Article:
Updated: Jan 26
To understand what the decentralized web is and why it has become important, we have to look at the history of the internet and what it looks like today. The internet is changing, but not under the direction of the users themselves. There has never been a greater need than now for a decentralized web.
Although the first internet prototype came into existence in the 1960s, it wasn’t until the late 1980s and early 1990s that it took a similar form to what we see today. This early version of the internet was mostly a network of documents that could be accessed from any location mostly used in academia and science. But it didn’t take long for user groups and communities to form around common interests, leading to forums, chat rooms, and websites operating from basements and college dorms. Free speech was ubiquitous; the internet was a platform for the free and open exchange of ideas. There was no concept of central control or censorship.
eCommerce Changed the Internet
But money changed everything. Not long after the first online credit card transaction before the sharks started circling. For many years, the money pouring in from big business was a good thing; the internet quickly evolved from a patchwork of websites running on a slow and unreliable network, to a powerful online marketplace. From buying music online to shopping on the couch with products delivered to the front door, it was a win-win for both the vendor and consumer.
But Things Began to Consolidate
It didn’t take much time before users were exploited, becoming not only the consumer, but the product itself. There was big money to be made in gathering a massive volume of data on every user, from behavioral, to demographic, and everything in between. Buying a product online meant not only paying for the product, but having the user’s information sold behind their back in order to sell even more products. Although this data meant companies could do a better job of putting relevant products and advertising in front of their consumers, it came at the cost of privacy, having every possible visit, click and behavior recorded and a profile built.
To make things worse, the majority of the word’s website traffic started to funnel through a small number of platforms and servers. Today, most internet traffic goes through websites such as Google, Facebook, Amazon and a handful of others. This consolidation only served to exacerbate the problem of exploitation - not only could these behemoth companies do a better job of tracking, storing and sharing user information, but things were taken to yet another extreme.
With the majority of the world’s thoughts and ideas passing through their servers, these big platforms realized they could remove communications unfavorable to their interests, and generally guide the world’s conversations. Being private companies with power, influence and teams of lawyers, freedom of speech laws did not apply. And soon after, not only were posts, comments, words and articles deleted from existence, the powerful internet companies began to censor information as political favors to ensure their power remained unchecked.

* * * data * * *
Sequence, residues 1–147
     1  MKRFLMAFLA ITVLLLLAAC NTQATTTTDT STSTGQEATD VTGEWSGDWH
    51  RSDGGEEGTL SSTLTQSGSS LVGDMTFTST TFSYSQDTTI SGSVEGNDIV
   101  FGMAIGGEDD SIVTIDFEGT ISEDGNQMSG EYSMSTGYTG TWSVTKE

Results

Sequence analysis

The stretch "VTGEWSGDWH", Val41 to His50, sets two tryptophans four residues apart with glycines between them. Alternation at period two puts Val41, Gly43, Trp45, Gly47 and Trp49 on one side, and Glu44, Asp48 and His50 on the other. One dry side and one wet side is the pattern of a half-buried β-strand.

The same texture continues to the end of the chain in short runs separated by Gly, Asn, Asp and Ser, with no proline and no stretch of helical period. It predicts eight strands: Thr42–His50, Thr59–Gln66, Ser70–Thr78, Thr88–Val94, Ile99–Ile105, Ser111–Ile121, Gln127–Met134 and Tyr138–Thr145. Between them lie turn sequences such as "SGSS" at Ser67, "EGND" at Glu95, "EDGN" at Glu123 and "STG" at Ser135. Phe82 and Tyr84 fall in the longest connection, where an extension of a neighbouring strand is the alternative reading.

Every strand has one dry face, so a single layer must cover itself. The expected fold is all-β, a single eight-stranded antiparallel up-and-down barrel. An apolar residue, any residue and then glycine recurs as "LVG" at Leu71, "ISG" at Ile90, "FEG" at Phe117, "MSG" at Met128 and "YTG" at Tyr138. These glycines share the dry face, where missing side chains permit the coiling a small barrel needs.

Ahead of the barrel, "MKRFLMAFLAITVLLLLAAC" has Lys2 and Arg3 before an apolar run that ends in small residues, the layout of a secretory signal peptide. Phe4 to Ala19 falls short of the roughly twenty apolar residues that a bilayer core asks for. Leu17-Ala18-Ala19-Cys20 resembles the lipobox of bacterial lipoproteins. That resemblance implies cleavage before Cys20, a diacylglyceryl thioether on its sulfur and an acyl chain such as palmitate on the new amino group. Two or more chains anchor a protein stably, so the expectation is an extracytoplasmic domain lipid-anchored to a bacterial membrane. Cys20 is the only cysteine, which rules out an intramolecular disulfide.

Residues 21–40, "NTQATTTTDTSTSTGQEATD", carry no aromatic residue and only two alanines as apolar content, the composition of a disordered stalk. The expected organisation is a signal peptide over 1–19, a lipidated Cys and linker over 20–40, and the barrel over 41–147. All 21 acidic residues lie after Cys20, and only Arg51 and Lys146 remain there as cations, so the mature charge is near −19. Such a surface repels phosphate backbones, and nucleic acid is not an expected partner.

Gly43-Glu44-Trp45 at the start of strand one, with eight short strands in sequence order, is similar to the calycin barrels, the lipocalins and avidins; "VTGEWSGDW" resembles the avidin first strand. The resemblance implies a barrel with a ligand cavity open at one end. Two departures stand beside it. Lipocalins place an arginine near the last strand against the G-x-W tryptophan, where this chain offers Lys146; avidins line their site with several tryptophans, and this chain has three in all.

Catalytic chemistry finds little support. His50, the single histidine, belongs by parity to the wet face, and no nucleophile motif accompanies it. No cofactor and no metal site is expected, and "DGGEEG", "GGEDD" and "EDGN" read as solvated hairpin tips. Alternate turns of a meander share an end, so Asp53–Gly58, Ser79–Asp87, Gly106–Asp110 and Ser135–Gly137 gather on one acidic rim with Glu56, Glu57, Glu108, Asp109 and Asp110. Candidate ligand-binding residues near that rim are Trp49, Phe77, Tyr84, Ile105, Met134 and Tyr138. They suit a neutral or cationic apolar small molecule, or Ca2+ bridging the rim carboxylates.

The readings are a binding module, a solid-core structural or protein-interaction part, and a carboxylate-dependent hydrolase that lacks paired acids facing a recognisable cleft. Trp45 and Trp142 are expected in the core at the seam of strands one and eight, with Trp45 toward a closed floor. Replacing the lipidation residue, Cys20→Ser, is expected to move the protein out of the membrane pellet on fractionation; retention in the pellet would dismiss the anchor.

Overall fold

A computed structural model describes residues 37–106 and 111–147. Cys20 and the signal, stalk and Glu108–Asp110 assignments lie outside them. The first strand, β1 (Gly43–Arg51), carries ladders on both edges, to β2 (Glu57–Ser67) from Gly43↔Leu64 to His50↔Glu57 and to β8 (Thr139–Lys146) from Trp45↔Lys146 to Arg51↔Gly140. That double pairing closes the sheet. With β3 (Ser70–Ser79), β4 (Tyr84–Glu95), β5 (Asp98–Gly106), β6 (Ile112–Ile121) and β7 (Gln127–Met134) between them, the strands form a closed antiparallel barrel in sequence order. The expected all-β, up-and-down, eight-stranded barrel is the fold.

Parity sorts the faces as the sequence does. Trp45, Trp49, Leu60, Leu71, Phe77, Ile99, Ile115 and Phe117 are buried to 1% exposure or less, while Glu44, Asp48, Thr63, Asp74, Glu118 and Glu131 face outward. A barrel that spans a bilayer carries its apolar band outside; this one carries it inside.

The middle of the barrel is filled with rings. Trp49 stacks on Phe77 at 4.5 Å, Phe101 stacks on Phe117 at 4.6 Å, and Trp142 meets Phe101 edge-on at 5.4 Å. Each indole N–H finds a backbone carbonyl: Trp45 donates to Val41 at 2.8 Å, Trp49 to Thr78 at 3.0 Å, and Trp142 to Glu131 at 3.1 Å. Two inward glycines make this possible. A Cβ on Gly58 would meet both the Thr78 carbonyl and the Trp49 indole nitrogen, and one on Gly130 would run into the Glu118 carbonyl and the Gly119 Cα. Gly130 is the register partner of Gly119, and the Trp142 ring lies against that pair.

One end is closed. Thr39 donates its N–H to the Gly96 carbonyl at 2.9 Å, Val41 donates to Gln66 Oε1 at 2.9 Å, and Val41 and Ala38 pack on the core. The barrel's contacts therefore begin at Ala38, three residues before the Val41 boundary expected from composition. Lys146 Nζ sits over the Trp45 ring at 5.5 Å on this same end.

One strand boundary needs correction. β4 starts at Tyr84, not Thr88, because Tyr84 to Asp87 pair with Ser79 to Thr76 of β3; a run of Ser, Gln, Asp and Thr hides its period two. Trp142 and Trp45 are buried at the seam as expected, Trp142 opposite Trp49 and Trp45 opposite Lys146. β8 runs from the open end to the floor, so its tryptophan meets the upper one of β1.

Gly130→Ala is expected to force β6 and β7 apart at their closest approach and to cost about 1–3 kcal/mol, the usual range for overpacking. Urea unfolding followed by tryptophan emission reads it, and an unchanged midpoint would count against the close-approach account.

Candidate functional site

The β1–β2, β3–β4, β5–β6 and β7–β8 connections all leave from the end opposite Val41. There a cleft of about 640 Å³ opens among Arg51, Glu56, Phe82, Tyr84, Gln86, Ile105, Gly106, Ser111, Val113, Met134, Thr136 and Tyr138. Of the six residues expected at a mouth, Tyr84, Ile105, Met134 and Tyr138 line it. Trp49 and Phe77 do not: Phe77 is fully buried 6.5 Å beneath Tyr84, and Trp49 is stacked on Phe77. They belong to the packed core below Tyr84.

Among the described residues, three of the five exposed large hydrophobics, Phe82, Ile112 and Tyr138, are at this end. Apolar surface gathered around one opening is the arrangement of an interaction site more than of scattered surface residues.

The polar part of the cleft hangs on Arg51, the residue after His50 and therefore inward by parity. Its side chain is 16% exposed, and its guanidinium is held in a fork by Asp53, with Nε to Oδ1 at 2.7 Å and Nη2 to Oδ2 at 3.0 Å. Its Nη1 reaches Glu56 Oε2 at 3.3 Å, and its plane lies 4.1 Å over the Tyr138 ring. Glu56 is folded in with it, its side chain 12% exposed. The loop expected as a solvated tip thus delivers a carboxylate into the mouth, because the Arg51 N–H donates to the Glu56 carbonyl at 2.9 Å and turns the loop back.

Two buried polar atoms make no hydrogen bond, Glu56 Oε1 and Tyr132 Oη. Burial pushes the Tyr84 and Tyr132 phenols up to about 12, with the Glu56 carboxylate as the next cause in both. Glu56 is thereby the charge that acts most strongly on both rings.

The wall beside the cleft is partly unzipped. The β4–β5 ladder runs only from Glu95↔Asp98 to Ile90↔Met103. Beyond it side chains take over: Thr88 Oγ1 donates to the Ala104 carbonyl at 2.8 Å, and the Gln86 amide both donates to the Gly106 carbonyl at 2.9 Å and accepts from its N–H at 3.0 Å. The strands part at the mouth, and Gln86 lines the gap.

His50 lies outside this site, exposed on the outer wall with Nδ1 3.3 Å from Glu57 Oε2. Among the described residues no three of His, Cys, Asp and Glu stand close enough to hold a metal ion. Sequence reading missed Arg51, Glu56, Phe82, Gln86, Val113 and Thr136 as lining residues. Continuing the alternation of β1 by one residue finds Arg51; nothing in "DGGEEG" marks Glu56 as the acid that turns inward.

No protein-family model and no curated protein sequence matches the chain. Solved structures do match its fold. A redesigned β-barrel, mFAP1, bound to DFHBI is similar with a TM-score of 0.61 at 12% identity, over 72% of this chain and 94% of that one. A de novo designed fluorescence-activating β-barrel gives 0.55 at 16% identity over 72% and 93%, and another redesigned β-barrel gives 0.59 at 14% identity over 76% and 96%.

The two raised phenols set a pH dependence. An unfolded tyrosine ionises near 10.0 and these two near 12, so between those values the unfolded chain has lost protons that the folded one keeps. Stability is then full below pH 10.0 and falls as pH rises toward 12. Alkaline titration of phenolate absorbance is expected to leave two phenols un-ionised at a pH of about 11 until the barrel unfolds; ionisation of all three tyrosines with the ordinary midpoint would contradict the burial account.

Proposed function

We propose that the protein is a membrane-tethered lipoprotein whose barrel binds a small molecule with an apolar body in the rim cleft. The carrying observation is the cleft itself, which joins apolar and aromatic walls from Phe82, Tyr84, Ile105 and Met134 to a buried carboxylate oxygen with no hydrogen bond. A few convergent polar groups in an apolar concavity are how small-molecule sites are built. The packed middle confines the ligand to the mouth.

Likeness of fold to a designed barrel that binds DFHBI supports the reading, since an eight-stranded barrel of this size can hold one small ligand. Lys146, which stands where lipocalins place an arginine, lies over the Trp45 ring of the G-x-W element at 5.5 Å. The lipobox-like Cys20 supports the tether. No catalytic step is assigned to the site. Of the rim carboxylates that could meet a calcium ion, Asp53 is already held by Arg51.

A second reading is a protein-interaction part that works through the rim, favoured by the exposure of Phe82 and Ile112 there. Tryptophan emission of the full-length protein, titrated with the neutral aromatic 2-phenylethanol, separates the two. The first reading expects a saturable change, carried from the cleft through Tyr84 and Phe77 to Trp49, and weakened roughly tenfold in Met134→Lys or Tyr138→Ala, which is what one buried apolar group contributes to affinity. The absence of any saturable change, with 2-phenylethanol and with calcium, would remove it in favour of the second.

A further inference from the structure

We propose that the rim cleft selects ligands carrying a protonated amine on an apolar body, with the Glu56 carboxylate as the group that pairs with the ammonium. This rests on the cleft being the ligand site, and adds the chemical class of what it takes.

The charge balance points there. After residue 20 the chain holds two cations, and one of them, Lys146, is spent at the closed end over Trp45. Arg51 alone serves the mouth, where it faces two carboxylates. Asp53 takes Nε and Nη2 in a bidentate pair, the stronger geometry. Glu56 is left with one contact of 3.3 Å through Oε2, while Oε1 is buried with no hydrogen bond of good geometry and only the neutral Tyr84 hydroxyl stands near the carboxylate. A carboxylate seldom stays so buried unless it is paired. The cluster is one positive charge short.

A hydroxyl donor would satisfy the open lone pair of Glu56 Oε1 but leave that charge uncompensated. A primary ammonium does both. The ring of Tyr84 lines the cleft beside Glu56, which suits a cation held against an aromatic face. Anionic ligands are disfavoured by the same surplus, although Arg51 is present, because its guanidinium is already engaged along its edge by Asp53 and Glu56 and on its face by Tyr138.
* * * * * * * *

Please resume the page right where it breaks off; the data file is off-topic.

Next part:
So Why Do We Need the Decentralized Web Today?
The decentralized web unwinds the control structures that threaten to destroy the internet as the public forum it was meant to be. The difference between the web as we know it today and a future decentralized web is where data is stored and who controls it. As it stands now, the majority of the data on the internet is held on a handful of servers owned by private companies. This data can be censored, deleted and manipulated at the free will of these companies with virtually no legal restriction. On the decentralized web, data is stored by the users themselves, not private companies. For example, a social media post exposing the illegal activity of a powerful corporation could not be deleted because it is stored on a network of thousands of computers - any unauthorized attempt to add, edit or delete the post would be rejected by the network. Similar to the Bitcoin public ledger, any rogue attempt by any single, or even a minority of multiple nodes on the network attempting to make a change without the concensys of the majority would simply be dismissed.
Imagine a future where the internet was a reflection of its users, outside the reach of manipulation and control from corporate or state influence… a place where users themselves owned the internet and made their own decisions on what is allowed, and what isn’t. Think of it as the ultimate open-source, free-speech expression of thoughts and ideas the world has ever seen.
The decentralized web is here, but it’s in its infancy and needs people like you to understand and explore its potential. The dWebGuide.com was created to educate new users and connect them to the world of decentralized websites. dWebGuide.com has one of the largest directories of decentralized websites available today along with instructions that can be followed by anyone, with or without technical skills.
Love what we do with our dWeb Guide Insights? Follow us on facebook to stay up to date.